Andy Pettitte’s return gives the Yankees a hero, if not an upgrade
The comeback of Andy Pettitte, begun in earnest unexpectedly late last offseason, is about to enter its next phase, with the Yankees announcing that he'll make his first start with the big club on Sunday against the Seattle Mariners.
It's going to be a dramatic and probably very fun event, given how much Pettitte means to Yankee fans. But in pure baseball terms, it's worth noting that the addition of Pettitte doesn't do much to improve the Yankee starting rotation, which is currently 26th in all of baseball with a 5.41 E.R.A.
Pettitte's return is without question a positive thing for the Yankees, even putting sentiment aside, since he's a very good bet to clear that statistical bar. But either pitcher he'll be replacing in the rotation is a good bet to do the same.
Consider that Pettitte's E.R.A. in his last full season, 2010, was 3.28. But his xFIP, an E.R.A. that eliminates defense from the equation, was 3.85. If a year away and aging has eroded Pettitte's skills at all, his expected performance is probably more like an E.R.A. around 4. That's helpful, especially at the salary the Yankees are paying Pettitte.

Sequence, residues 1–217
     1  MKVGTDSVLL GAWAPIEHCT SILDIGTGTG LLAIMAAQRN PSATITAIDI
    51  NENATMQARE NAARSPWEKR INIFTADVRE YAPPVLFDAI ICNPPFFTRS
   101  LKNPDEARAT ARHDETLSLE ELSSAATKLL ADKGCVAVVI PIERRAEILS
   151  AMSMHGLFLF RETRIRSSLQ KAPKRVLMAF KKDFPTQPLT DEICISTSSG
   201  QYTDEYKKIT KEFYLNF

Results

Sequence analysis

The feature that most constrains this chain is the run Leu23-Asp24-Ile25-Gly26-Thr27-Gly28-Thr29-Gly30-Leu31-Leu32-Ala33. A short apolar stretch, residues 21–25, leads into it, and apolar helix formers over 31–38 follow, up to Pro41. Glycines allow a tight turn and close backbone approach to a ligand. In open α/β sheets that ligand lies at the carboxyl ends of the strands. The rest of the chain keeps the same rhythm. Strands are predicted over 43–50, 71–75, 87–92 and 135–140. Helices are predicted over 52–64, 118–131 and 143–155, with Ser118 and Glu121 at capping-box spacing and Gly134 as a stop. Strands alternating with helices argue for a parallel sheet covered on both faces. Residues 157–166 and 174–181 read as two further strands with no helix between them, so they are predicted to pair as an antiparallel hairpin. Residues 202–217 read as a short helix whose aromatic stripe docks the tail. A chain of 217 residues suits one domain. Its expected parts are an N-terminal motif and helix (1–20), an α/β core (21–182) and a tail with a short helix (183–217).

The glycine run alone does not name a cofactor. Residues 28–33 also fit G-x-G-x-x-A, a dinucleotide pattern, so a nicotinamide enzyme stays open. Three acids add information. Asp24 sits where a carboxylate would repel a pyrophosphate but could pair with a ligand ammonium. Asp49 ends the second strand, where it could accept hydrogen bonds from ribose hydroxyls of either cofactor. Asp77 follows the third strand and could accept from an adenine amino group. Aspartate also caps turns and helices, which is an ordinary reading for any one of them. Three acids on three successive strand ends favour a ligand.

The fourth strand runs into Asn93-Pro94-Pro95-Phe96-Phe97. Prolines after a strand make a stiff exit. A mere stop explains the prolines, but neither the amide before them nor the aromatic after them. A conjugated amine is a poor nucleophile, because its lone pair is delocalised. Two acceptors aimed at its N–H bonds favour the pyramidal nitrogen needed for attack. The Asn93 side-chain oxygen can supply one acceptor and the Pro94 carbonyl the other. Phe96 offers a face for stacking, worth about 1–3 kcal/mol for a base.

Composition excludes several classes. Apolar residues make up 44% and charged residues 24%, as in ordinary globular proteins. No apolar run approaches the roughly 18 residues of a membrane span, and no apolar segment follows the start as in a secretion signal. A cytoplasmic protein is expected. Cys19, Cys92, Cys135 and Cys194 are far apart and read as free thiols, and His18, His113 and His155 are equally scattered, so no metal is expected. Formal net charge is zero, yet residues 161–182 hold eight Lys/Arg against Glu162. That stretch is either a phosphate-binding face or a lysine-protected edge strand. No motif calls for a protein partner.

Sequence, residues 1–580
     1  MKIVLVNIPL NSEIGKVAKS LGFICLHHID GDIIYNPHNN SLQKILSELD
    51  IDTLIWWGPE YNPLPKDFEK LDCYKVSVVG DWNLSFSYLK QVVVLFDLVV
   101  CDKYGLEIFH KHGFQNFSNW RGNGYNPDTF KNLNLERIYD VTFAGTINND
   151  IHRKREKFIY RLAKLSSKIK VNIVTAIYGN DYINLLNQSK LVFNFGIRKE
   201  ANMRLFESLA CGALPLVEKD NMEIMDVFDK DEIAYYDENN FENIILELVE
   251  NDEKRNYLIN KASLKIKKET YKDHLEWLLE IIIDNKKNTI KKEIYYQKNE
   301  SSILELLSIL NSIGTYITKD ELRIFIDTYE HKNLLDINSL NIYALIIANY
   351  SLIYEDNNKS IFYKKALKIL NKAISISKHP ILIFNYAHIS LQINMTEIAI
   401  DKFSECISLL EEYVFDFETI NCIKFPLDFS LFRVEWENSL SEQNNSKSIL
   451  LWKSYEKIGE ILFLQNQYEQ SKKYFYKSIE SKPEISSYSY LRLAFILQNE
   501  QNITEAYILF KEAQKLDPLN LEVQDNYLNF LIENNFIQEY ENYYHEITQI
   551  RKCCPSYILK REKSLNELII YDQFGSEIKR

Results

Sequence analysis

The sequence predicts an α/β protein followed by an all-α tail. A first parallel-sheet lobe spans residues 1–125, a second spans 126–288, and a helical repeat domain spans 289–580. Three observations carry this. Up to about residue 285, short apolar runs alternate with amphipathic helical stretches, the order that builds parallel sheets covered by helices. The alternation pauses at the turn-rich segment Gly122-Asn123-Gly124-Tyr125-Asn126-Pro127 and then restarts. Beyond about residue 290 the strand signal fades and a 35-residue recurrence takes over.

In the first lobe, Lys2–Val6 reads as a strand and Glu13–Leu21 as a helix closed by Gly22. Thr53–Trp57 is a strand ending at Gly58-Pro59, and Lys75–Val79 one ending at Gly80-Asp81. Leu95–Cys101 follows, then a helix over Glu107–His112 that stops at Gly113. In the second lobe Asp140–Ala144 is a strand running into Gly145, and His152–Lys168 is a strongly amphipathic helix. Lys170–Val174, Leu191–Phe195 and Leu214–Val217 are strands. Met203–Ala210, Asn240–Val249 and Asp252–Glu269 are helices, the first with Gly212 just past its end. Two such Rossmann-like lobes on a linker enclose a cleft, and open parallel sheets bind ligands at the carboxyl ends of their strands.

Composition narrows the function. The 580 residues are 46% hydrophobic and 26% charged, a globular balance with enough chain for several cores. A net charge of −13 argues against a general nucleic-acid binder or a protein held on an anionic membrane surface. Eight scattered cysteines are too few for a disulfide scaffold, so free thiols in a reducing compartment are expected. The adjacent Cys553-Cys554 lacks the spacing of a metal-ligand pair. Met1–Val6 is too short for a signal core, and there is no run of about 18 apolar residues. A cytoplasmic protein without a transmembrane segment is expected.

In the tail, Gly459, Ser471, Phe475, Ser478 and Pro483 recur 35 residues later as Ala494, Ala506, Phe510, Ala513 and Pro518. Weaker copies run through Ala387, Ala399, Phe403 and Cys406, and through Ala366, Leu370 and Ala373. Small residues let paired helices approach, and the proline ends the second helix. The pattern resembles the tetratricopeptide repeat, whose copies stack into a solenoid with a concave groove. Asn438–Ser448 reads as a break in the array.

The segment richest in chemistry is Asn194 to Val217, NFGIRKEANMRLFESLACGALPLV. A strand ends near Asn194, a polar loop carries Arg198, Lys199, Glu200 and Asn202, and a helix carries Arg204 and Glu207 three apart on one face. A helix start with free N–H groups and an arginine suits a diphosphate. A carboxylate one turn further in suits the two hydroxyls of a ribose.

But it isn't very different than what they'd be likely to get from Phelps or Hughes. In the case of Phelps, his E.R.A. is 3.74 in 2012, which is right in line with his xFIP of 3.62. Phelps has been every bit as effective as his E.R.A. would suggest, and while he might regress as the league gets to know him better, his Triple-A performance indicates that his success so far is no fluke, either.
Meanwhile, Hughes has a bloated E.R.A. of 6.67 this season, but that doesn't come close to measuring his true pitching level to date. His xFIP is 4.21, or well over two runs lower than his E.R.A. Hughes has pitched better of late in terms of his results, pitching into the seventh inning--and maintaining velocity in the mid-90s with his fastball--in Sunday's win over the Kansas City Royals.
So Pettitte is not likely to be worse than Hughes or Phelps, nor much better. And all three are better than league-average pitchers. That, once again, speaks to the strength the Yankee rotation possesses in numbers. Having three good bets to be above average starters, and only two slots for them, is the kind of problem teams simply don't have elsewhere around baseball.
Given how fragile pitchers are, it probably won't be a problem for long, anyway.
In the meantime, one of Phelps or Hughes is bullpen-bound, where he will become one of baseball's best long relievers. And Pettitte will pick up right where he left off.